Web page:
FINANCIAL REPORTING INSIGHTS |
Authored by RSM US LLP
The American Institute of Certified Public Accountants (AICPA) recently issued Technical Q&A 5270.01, which discusses recipient accounting for Shuttered Venue Operators Grants (SVOG) and Restaurant Revitalization Fund (RRF) grants received under the Small Business Administration COVID-19 Relief Programs.
For business (for-profit) entities, there is no explicit guidance within U.S. generally accepted accounting principles regarding the accounting for government grants. The AICPA staff has observed that the following guidance might be considered for application by analogy:
- International Accounting Standard (IAS) 20, Accounting for Government Grants and Disclosure of Government Assistance. Under IAS 20, government grants cannot be recognized in income until there is reasonable assurance that a recipient (a) will comply with the conditions associated with the grant and (b) will receive the grant. Once there is reasonable assurance that the conditions will be met, the earnings impact is recorded “on a systematic basis over the periods in which the entity
recognizes as expenses the related costs for which the grants are intended to compensate.” A grant related to income may be reported either as income or as a reduction in the related expense the grant is intended to defray. If the amount of payments received or receivable at a reporting date exceeds the amount of the grant for which the reasonable assurance threshold has been met, the difference is reported as a refundable advance (i.e., a liability).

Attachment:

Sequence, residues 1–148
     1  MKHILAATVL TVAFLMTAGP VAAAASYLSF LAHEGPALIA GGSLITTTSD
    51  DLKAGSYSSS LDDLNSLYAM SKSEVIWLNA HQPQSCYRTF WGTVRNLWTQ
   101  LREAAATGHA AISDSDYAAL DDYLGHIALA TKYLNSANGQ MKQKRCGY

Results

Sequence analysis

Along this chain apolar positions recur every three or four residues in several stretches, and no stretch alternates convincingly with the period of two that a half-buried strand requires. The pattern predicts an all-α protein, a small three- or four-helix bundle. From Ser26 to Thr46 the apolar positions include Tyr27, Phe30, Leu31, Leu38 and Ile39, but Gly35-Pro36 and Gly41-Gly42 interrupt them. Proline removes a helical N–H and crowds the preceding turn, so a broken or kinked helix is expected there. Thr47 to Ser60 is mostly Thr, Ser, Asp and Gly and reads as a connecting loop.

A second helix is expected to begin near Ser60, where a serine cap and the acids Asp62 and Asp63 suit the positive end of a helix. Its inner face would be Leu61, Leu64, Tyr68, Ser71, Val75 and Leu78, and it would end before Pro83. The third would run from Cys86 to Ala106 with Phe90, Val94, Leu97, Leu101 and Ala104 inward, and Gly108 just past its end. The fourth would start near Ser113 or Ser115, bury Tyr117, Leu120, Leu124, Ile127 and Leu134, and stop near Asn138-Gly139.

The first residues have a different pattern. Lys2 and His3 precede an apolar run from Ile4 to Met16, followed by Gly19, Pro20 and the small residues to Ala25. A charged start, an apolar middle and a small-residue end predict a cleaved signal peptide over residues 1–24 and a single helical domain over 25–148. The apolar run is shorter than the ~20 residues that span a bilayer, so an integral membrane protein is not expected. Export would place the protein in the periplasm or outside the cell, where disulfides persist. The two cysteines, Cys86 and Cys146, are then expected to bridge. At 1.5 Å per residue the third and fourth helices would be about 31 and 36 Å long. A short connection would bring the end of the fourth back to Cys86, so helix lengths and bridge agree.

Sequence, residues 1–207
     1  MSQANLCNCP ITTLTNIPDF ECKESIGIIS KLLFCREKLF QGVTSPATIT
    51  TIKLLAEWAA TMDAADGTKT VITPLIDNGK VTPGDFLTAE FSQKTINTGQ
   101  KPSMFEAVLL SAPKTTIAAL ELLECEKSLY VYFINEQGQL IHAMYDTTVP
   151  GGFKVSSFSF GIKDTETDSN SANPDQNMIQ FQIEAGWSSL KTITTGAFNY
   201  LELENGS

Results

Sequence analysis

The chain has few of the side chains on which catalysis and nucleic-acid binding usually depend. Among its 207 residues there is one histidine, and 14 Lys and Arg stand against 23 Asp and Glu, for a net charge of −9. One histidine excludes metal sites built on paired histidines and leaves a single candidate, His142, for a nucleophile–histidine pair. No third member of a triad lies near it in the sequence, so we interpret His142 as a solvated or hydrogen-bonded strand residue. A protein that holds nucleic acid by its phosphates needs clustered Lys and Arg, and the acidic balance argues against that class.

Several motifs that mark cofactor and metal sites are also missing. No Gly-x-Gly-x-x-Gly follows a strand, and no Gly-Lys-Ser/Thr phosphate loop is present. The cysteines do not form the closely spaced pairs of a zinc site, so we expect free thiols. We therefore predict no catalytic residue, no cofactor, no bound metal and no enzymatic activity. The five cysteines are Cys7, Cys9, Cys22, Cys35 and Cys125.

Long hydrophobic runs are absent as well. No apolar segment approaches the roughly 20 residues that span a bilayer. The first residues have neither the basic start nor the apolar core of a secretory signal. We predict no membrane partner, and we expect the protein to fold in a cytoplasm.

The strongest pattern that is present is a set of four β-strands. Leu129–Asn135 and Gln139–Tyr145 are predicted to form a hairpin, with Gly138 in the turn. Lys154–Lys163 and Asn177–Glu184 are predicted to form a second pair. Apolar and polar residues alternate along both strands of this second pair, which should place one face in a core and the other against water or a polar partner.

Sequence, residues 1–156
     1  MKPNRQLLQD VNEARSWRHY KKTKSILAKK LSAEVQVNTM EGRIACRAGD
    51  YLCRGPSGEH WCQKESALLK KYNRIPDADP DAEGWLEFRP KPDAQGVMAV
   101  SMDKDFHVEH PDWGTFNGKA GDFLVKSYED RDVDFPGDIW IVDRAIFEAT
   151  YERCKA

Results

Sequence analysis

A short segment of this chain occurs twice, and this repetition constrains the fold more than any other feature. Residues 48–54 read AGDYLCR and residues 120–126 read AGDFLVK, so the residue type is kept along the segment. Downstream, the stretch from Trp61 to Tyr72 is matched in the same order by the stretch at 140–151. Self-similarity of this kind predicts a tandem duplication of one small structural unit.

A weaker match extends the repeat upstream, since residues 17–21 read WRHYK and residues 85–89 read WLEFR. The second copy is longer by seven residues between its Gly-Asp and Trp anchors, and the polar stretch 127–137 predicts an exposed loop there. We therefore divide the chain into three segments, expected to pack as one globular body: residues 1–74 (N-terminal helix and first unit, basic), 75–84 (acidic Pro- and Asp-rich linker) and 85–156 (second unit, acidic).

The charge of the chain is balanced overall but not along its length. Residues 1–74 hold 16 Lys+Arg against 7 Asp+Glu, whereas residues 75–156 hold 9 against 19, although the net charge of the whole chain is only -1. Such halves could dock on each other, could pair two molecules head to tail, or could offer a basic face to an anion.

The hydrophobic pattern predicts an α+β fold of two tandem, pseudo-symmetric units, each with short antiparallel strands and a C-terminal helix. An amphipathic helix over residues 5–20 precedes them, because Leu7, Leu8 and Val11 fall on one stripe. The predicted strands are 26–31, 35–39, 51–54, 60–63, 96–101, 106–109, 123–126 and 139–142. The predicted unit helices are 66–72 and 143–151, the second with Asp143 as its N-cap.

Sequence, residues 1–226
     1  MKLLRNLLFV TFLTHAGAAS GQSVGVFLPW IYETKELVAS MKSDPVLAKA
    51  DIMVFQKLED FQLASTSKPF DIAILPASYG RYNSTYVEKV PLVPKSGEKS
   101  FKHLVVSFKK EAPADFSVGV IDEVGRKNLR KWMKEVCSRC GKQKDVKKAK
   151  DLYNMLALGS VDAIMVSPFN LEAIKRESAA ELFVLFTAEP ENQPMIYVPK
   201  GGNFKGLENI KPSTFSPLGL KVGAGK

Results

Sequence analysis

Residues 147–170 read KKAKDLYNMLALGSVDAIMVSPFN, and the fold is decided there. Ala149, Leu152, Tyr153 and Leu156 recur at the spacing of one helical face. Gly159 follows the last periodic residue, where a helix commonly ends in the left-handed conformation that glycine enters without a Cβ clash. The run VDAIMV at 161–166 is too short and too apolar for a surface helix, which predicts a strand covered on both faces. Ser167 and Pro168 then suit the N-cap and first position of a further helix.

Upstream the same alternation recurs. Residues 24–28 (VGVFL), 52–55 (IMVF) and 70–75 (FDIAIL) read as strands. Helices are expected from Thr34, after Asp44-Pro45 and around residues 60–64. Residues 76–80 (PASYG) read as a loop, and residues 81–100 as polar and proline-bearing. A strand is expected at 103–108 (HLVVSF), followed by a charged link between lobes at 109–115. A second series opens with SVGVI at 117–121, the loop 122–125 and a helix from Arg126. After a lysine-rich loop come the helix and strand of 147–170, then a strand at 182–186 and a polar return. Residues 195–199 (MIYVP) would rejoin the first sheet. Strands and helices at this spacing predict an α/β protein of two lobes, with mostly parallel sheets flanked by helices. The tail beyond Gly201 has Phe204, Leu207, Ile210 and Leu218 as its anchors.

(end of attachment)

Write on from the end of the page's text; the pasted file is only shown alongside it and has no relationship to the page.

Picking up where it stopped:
- Financial Accounting Standards Board Accounting Standards Codification (ASC) Subtopic 450-30, Contingencies – Gain Contingencies. Under ASC 450-30, the earnings impact of a gain contingency is recognized when all the contingencies related to receipt of the assistance have been met and the gain is realized or realizable. A business entity would record the payments received under the SVOG or RRF grants as a refundable advance (i.e., a liability) until the grant proceeds are realized or realizable, at which time the earnings impact would be recognized.
- ASC 958-605, Not-for-Profit Entities – Revenue Recognition, which is discussed in the following paragraph.
Not-for-profit (NFP) entities should account for government grants in accordance with the “contributions received” subsections of ASC 958-605. SVOG and RRF grants would be considered conditional contributions under ASC 958-605, and thus, contribution revenue would be recognized only to the extent that eligible expenses have been incurred at a given reporting date. Payment amounts received that exceed recognizable contribution revenue (for example, because entitlement is conditioned on eligible expenses that are expected to be incurred in the subsequent accounting period) are reported as a refundable advance (i.e., a liability). Payments would be considered to be donor-restricted. Due to the linkage of the conditions with the restrictions, restrictions likely will be satisfied simultaneously with meeting the conditions (but each entity’s specific facts and circumstances would need to be considered). Thus, any contribution revenue recognized would be reported as an increase in donor-restricted net assets, along with a reclassification to net assets without donor restrictions to reflect the satisfaction of the restriction. However, an NFP entity that has elected one of the “simultaneous release” accounting policy options described in ASC 958-605-45-4A-B (for donor-restricted contributions whose restrictions are met within the same reporting period) would be permitted to report the contribution revenue directly in net assets without donor restrictions.
This article was written by RSM US LLP and originally appeared on 2021-08-11.
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